The government sees stewardship as a key tool by which pension trustees “can improve investment returns, by encouraging, developing, and supporting behaviours and practices that ensure long-term value for savers”. 

However, it felt that the concept of stewardship was “widely misunderstood” and an area “where existing policies and reporting appear to be weakest”. So, on 17 June 2022, the DWP published new stewardship guidance.

Current obligations

Since 2019, trustees of pension schemes with 100 or more members (with certain exceptions) must:

  • in their statement of investment principles (SIP), publicly state their policy on the exercise of rights attaching to their scheme’s investments, and on undertaking engagement activities in respect of those investments; and

  • through an annual implementation statement (IS), report on the extent to which they have adhered to their voting policies and how they have voted.

(DC and hybrid schemes have to produce a wider IS, covering how and the extent to which they have followed all of the policies set out in their SIP.)

However, there was little guidance on these documents or stewardship generally, and the industry felt that the lack of clarity about expectations prevented them from being a positive tool. Therefore, the DWP has issued this guidance that aims to improve the quality of policies, develop best practice for reporting and improve consistency across schemes’ practice.

New guidance

While stewardship encompasses a range of activities (asset allocation and asset manager appointment being other examples), the guidance focuses predominantly on voting and engagement. It expands on the current requirements, setting new expectations – and nudges trustees towards playing a more proactive role.

The guidance contains both statutory and non-statutory guidance: trustees must have regard to the statutory guidance when complying with IS requirements; the non-statutory guidance, which includes guidance on SIPs, highlights best practice. The statutory elements come into force for scheme years ending on or after 1 October 2022, but schemes should bear best practice in mind with immediate effect.


Amongst other things:

  • The guidance introduces the concept of stewardship priorities and themes, and gives some examples (climate change and corporate governance being obvious ones). Trustees must identify their priorities (as appropriate to their scheme) and engage with asset managers in relation to them.

  • Stewardship policies should focus on voting and engagement. Voting policies should cover schemes’ own or (more likely) their asset managers’ voting behaviour, including how trustees will monitor, review and intervene or challenge these where necessary – see part 2 and part 3 of our series for some top tips. The guidance sets out helpful examples of engagement activities.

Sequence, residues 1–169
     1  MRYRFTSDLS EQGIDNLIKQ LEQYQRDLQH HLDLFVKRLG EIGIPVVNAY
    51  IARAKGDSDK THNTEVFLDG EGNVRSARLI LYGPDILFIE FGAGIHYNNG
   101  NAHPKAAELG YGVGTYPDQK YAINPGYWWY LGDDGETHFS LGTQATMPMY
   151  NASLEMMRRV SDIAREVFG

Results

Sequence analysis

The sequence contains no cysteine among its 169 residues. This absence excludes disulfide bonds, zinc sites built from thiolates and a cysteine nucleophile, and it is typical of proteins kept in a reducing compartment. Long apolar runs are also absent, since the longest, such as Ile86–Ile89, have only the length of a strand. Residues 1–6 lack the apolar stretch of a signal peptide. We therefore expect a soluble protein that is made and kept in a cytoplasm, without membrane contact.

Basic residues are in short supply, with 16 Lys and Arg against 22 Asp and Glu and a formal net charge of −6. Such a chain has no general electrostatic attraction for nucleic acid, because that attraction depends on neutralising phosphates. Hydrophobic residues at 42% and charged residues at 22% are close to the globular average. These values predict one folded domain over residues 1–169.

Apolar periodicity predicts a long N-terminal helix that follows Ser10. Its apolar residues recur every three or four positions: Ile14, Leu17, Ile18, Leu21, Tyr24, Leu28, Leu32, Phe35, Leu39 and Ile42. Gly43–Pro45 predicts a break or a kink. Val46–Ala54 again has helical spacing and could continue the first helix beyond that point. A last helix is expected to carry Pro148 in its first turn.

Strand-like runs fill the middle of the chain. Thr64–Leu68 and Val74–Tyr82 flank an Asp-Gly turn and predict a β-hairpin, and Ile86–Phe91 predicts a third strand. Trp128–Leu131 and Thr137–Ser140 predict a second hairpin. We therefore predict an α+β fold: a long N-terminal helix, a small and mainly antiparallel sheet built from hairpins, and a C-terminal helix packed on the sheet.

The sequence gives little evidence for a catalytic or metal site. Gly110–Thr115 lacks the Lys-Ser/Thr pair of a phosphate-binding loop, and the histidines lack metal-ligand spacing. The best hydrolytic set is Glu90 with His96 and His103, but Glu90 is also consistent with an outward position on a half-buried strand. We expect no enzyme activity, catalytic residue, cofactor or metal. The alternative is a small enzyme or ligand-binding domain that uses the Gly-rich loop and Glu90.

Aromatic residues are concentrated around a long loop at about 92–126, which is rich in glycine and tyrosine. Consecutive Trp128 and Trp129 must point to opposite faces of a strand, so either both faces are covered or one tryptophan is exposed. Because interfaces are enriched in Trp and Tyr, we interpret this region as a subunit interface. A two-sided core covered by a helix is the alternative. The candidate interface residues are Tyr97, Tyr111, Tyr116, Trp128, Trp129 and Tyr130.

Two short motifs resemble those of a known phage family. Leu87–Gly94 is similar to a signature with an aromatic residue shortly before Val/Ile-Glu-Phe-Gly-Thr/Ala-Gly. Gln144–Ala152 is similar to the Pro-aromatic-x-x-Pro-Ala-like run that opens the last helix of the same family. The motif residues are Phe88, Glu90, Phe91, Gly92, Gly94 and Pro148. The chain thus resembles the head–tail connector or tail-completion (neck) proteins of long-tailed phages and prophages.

• The IS should record how the scheme’s “most significant” votes (by topic, or size of holding) are cast, and their alignment with the chosen stewardship priorities. The guidance details the content the IS should cover here.

  • The guidance does not contain a vote reporting template, as respondents favoured an industry template; however, the government believes that existing templates (from the PLSA and the Investment Consultants Sustainability Working Group) “could benefit from further development”.

Separately, the guidance looks at schemes’ consideration of financial versus non-financial factors – a line that is “not always clear”. The government “encourages trustees, if it is practical to do so, to keep under review non-financial factors that may not immediately present as financially material but have the potential to become so, particularly for schemes with a long-term horizon”. This will be a key issue for schemes to work to understand.


The guidance addresses the “how” of reporting, as well as the “what”, including:

  • reporting should be tailored and not a tick-box exercise;

  • while the Pensions Regulator (TPR) is the primary audience for SIPs and ISs, both documents should be understandable to a wide audience, written in plain English as far as possible, and schemes should consider producing summary versions for members (linking to the full document); and

  • alignment with the UK Stewardship Code: the guidance references the code principles and indicates areas of potential alignment between these and schemes’ disclosure obligations.


What should schemes prioritise?

  • Update your training on stewardship generally, including the new DWP guidance and TPR’s investment guidance and industry recommendations (see, for example, the PLSA and IA’s recent report)

  • Make time for stewardship in your agendas

  • Review and refine current stewardship policies and expressions of wishes

  • Engage with asset managers on a regular and proactive basis

  • Watch out for further stewardship guidance in TPR’s forthcoming single code of practice

This publication is intended for general guidance and represents our understanding of the relevant law and practice as at July 2022. Specific advice should be sought for specific cases. For more information see our terms & conditions.

Written by

Sasha Butterworth

Sasha Butterworth

Date published

15 July 2022

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